Microsoft Hires Peter Cullen as Chief Privacy Strategist

REDMOND, Wash., June 23, 2003 — Microsoft Corp. today announced that Peter Cullen, a recognized privacy leader and current corporate privacy officer for Royal Bank of Canada (RBC), is joining the company as chief privacy strategist.

Cullen, who will join Microsoft on July 14, brings more than a decade of experience in privacy and data protection work to Microsoft’s Trustworthy Computing initiative. Cullen will report to Scott Charney, chief Trustworthy Computing strategist, working closely with him to help ensure that privacy protections and best practices are incorporated into all Microsoft®
products, services, systems and internal processes.

“Peter Cullen has the experience to drive Microsoft’s commitment to privacy protections to the next level. With his deep background in privacy and data protection practices and their relationship to customer value, Peter will be an effective advocate for strong and innovative consumer privacy safeguards,”
Charney said.
“We look forward to having Peter apply his experiences and skills to benefit Microsoft’s customers and partners through the privacy pillar of our Trustworthy Computing initiative.”

Cullen is widely recognized as a pioneer in privacy and helped develop the financial industry’s best practices around the collection and use of information. His work resulted in Royal Bank of Canada (RBC) establishing important competitive differentiation that remains an example to several industries.

While at RBC, Cullen established the Corporate Privacy Group and its practices, a first for a Canadian financial institution. He also implemented an integrated privacy management/compliance structure for U.S. operations, which included six affiliate companies. As a result, Cullen helped RBC become recognized as a North American leader in the area of privacy management.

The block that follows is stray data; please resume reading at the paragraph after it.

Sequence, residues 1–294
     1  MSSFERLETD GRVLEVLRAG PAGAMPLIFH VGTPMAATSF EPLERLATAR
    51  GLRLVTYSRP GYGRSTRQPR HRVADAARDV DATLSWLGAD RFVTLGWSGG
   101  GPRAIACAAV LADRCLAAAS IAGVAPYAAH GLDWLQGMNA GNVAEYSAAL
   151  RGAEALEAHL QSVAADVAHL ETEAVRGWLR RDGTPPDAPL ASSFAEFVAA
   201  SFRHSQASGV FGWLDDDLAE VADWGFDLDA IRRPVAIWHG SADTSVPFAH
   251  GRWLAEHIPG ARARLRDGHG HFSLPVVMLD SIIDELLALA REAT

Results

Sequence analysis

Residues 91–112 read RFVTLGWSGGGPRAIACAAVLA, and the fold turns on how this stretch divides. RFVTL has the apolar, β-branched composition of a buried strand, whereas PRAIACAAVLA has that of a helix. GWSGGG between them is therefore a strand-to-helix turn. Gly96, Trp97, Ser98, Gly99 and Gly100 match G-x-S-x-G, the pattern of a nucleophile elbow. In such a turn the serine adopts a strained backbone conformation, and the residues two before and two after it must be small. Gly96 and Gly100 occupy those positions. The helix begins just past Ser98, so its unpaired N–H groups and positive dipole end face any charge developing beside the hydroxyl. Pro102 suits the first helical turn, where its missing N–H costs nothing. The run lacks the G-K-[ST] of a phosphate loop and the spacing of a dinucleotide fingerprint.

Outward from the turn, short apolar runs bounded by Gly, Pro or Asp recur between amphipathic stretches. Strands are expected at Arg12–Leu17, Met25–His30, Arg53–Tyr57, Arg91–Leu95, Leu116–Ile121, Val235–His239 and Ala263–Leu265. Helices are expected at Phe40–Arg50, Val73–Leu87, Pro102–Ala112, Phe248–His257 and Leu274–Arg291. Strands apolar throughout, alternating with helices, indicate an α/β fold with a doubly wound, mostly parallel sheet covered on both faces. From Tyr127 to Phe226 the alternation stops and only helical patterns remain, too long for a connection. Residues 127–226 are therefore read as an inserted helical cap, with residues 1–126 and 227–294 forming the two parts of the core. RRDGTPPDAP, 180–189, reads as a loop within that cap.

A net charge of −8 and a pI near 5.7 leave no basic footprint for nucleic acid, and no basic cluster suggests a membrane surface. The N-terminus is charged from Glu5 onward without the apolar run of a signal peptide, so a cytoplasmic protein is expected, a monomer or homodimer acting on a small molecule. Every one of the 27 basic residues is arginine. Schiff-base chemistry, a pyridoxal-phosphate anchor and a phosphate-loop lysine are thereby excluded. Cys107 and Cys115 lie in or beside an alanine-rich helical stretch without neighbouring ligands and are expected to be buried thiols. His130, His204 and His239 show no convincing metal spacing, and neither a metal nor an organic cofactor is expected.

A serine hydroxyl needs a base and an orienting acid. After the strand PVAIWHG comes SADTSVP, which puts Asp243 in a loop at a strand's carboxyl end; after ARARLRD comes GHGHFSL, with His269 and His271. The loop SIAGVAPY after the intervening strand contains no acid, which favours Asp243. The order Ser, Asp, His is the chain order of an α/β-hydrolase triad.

Microsoft’s Trustworthy Computing initiative reflects the company’s belief that technology must truly be trustworthy if it is ever to realize its full potential to enhance people’s lives. Microsoft’s Trustworthy Computing effort is focused on four key pillars: security, privacy, reliability and business integrity.

  • Security means ensuring that one’s information and data are safe.

  • Privacy means placing people in control of their personal information as well as respecting their right to be left alone.

  • Reliability means ensuring that technology works every time people need it.

  • Business integrity means being clear, open, fair, respectful and responsive to customers and the public.

Cullen said he decided to join Microsoft because of its commitment to driving privacy protections and programs within the company and throughout its industry.

“I look forward to joining Microsoft to help the company deliver on its vision of trustworthy computing,”
Cullen said.
“Microsoft has placed a priority on privacy, and I look forward to applying my experience in developing innovative privacy practices and programs to deliver high-quality technologies and services to our customers and partners.”

Cullen holds an MBA from Richard Ivey School of Business at the University of Western Ontario. He is a founding member of two networks of chief privacy officers and is an active public speaker.

About Microsoft

Founded in 1975, Microsoft (Nasdaq
) is the worldwide leader in software, services and Internet technologies for personal and business computing. The company offers a wide range of products and services designed to empower people through great software — any time, any place and on any device.

Microsoft is a registered trademark of Microsoft Corp. in the United States and/or other countries.

The names of actual companies and products mentioned herein may be the trademarks of their respective owners.

Note to editors: If you are interested in viewing additional information on Microsoft, please visit the Microsoft Web page at on Microsoft’s corporate information pages. Web links, telephone numbers and titles were correct at time of publication, but may since have changed. For additional assistance, journalists and analysts may contact Microsoft’s Rapid Response Team or other appropriate contacts listed at h

Related Posts